Free parking may get the brakes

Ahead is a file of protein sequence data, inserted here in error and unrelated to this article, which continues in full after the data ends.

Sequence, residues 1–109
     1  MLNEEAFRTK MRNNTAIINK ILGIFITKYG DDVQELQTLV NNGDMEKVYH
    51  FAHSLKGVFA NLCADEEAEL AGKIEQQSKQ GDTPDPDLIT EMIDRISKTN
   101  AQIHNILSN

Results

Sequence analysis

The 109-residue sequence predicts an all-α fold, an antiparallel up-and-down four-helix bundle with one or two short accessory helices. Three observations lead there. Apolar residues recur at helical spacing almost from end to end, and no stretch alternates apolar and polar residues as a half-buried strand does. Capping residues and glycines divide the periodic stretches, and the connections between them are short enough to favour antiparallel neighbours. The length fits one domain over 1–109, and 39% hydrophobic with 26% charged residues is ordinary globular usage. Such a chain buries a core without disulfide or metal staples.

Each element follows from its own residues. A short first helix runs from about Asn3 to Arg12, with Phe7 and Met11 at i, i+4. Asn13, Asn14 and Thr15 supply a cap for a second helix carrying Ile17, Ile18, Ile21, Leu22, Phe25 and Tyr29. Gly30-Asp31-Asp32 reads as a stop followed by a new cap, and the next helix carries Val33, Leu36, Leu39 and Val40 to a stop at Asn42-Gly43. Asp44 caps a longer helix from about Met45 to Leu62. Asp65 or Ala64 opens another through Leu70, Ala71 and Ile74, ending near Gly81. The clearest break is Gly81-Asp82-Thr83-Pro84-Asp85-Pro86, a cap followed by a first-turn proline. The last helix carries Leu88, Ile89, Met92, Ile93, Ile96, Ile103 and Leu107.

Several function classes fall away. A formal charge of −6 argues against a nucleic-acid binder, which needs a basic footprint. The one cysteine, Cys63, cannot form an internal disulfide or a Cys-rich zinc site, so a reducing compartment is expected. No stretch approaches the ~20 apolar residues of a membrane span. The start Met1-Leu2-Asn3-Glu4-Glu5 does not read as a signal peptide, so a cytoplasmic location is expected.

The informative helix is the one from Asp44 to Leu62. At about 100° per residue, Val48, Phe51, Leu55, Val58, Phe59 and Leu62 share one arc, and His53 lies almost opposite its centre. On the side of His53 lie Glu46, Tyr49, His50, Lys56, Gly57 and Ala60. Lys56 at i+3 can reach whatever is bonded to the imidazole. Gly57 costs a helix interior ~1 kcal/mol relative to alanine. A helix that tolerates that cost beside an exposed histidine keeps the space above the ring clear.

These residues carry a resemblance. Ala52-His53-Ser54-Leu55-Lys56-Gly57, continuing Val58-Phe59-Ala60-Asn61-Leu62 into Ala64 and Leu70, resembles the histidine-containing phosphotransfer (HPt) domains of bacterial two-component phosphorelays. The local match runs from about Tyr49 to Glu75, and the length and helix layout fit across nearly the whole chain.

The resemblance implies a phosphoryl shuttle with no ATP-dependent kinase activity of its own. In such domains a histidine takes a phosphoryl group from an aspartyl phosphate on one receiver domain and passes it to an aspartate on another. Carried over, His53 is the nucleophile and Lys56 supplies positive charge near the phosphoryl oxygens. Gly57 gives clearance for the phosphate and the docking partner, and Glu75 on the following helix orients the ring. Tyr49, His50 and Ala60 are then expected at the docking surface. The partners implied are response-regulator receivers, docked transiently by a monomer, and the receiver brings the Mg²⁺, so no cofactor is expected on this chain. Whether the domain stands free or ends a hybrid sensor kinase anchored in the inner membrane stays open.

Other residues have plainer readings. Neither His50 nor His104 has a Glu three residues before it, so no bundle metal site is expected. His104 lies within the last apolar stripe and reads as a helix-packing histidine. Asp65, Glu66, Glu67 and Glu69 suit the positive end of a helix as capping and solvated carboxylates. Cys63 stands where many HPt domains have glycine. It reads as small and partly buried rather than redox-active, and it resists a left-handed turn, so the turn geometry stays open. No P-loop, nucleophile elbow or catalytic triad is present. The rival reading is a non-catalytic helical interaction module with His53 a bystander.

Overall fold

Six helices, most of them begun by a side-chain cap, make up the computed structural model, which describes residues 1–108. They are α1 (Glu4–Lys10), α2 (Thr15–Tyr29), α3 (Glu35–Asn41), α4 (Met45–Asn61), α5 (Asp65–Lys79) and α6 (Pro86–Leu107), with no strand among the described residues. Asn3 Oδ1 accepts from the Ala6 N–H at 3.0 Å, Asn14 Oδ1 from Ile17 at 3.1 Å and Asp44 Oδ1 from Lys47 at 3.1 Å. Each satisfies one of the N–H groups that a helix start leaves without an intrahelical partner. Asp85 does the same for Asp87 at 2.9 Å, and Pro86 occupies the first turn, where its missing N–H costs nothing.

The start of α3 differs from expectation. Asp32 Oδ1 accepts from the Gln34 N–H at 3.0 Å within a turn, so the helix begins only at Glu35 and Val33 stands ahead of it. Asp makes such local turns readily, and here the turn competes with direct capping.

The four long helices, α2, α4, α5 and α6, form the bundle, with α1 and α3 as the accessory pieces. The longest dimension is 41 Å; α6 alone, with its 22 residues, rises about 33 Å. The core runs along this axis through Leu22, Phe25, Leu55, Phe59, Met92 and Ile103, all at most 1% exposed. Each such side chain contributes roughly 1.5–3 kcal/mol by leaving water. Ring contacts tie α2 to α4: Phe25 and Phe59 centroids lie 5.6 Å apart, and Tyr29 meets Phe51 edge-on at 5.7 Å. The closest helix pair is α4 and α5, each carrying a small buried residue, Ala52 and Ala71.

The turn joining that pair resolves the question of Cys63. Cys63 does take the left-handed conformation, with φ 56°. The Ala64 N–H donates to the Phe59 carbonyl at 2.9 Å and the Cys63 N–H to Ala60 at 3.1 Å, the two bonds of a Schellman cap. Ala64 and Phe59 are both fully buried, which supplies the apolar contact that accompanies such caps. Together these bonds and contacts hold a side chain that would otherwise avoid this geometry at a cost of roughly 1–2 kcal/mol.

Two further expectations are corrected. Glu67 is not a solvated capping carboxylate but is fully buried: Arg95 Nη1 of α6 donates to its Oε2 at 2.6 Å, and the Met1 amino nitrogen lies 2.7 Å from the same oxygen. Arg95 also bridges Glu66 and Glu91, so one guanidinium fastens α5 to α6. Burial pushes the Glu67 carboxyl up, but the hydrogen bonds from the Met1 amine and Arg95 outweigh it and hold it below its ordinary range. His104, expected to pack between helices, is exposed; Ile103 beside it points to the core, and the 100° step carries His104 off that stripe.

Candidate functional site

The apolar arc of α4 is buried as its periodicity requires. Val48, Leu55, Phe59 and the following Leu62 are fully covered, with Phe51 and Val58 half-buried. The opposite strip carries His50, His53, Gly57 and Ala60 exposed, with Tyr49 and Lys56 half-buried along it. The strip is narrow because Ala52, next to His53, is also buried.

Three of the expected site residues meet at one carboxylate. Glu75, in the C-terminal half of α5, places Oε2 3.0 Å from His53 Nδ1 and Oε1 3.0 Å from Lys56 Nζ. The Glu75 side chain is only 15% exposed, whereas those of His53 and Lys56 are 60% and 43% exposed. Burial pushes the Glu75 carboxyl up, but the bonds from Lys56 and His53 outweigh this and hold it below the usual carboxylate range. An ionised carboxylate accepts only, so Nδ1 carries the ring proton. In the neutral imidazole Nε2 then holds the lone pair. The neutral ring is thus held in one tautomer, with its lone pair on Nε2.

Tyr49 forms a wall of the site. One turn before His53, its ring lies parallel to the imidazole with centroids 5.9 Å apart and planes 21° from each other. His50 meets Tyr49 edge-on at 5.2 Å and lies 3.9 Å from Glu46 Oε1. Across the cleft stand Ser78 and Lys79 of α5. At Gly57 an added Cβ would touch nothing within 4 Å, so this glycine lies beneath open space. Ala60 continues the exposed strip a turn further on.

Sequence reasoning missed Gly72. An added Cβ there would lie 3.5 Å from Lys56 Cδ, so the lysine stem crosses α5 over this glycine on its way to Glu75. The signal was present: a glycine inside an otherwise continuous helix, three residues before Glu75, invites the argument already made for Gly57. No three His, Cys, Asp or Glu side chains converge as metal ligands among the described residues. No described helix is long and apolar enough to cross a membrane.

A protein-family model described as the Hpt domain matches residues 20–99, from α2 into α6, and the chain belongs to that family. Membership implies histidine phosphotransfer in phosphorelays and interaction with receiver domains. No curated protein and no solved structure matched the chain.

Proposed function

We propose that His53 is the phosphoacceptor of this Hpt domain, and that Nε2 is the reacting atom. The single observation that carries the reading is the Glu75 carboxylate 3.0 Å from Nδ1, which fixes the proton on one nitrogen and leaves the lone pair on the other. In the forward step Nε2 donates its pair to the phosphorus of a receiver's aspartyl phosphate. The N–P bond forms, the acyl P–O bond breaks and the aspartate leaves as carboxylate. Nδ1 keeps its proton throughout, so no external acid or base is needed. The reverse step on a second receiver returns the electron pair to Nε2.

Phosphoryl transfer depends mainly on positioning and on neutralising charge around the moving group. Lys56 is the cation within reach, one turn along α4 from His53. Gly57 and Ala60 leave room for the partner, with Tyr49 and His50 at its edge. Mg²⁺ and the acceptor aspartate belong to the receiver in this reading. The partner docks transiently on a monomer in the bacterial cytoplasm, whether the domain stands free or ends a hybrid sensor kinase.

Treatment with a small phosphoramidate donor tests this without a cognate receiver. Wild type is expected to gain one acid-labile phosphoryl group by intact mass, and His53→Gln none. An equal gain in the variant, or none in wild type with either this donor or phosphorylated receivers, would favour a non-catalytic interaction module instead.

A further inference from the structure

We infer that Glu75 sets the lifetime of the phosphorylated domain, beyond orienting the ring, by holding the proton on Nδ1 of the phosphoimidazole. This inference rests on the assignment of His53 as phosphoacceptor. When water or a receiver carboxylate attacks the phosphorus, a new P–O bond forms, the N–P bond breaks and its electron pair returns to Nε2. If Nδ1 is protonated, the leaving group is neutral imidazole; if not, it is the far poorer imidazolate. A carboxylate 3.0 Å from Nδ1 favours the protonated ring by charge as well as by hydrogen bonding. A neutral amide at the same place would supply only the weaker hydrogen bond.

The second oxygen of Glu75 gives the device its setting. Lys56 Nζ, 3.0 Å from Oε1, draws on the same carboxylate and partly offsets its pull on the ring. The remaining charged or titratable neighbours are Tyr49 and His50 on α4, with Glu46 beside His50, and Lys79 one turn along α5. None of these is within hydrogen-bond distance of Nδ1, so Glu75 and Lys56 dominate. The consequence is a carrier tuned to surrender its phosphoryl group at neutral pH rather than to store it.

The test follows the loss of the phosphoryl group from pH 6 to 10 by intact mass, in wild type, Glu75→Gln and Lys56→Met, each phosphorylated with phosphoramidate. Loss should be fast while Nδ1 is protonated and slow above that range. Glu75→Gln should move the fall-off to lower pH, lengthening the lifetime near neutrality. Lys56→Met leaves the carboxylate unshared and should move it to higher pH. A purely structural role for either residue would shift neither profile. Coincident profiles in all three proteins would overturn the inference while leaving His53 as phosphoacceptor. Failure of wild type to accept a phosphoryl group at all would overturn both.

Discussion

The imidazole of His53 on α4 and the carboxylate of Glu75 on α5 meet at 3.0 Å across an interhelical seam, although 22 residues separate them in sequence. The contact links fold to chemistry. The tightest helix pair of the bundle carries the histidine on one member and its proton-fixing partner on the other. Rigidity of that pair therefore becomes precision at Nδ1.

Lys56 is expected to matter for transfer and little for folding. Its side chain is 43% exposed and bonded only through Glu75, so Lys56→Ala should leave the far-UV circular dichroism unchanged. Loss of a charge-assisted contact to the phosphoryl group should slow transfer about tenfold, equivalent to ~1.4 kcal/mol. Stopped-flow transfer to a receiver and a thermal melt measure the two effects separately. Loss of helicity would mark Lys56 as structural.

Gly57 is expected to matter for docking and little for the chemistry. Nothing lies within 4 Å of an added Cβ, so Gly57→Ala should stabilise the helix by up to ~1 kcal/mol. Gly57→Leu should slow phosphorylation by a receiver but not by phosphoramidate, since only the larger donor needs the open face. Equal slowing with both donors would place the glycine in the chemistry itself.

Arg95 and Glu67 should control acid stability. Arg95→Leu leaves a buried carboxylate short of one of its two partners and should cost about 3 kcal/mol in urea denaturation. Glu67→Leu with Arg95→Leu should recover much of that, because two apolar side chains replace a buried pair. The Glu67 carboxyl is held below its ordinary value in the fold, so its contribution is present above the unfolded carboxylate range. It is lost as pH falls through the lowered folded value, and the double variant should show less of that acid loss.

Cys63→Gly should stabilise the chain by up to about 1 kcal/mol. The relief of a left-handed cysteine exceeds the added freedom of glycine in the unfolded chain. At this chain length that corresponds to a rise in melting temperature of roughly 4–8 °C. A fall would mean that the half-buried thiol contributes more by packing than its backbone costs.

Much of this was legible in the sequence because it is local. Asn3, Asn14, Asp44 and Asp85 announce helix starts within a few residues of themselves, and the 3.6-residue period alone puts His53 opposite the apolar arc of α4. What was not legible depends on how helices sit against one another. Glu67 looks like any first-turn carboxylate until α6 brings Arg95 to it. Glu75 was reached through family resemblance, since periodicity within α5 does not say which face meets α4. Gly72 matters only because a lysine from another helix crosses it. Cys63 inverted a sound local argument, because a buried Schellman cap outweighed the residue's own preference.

The days of free two-hour parking in Aspen could be numbered.Beginning this spring, paid parking could expand into nearly every residential area, eliminating the option for motorists to move their vehicles every 120 minutes to escape getting a parking ticket – also known as the “two-hour shuffle.” Tim Ware, director of City Hall’s transportation and parking department, said the plan is to install 70 to 75 new pay stations over the winter at cost of about $950,000. Once they are installed, Ware said the revenue generated would be about $340,000 a year. The proposal is paid parking will be instituted in residential areas three blocks off of the commercial core in every direction, as well as the blocks off of Durant Avenue along the base of Aspen Mountain.”It doesn’t affect anyone who isn’t cheating,” Ware said. “Moving across the street is over. … No more rubbing the chalk off. … People need a little nudge to do the right thing.”This isn’t the first time the proposal has been discussed. The initial proposal was rejected by a previous City Council. Prior public meetings concerning the changes were sparsely attended by citizens, Ware said.A public hearing is scheduled Sept. 10 on the proposed ordinance, with a final review and possible approval by the City Council on Sept. 24. A second ordinance would mandate that any street that does not have pay stations could not have a vehicle there for more than two hours in a 12-hour period.Pay rates also will increase effective Dec. 1. The residential day pass, which currently costs $5, will increase to $7. Pay stations will cost $2 for the first hour, $2 for the second hour, $3 for the third hour and $4 for the fourth hour.Ware told the City Council on Tuesday that its concerns of construction vehicles taking up valuable parking spaces should be addressed by the changes. The council had been considering different alternatives to regulate construction vehicle parking but in the end, it decided to see what effects expanded paid parking will have.”If we let this run its course, it will have a huge effect,” Ware said, adding he estimates 600 motorists move their vehicles throughout the day. Exemptions will still be granted to residents of the neighborhoods and those with carpooling and lodging permits.”It gives us a tool to eliminate the two-hour shuffle,” Ware said. “If you don’t belong, you’ll get a ticket.”This will affect everyone – residents, retailers, construction vehicles.”The City Council appeared supportive of the measure.City officials said if construction workers are forced to pay $7 a day to feed the meters it just might encourage them to use mass transit, or carpool into town.The City Council considered designating a “no construction” zone around a development and any construction vehicle within that zone would be issued a ticket. Another option was to limit the number of parking spaces allotted to a specific development site based on its size and the amount of parking that is available around the project. The third alternative was to require a specific amount of construction workers from each site to carpool unless they were granted a special parking permit.But Ware pointed out that he has a problem whenever the city designates parking spaces to a particular group and city staff said those options would be difficult to enforce.Carolyn Sackariason can be reached at email@example.com
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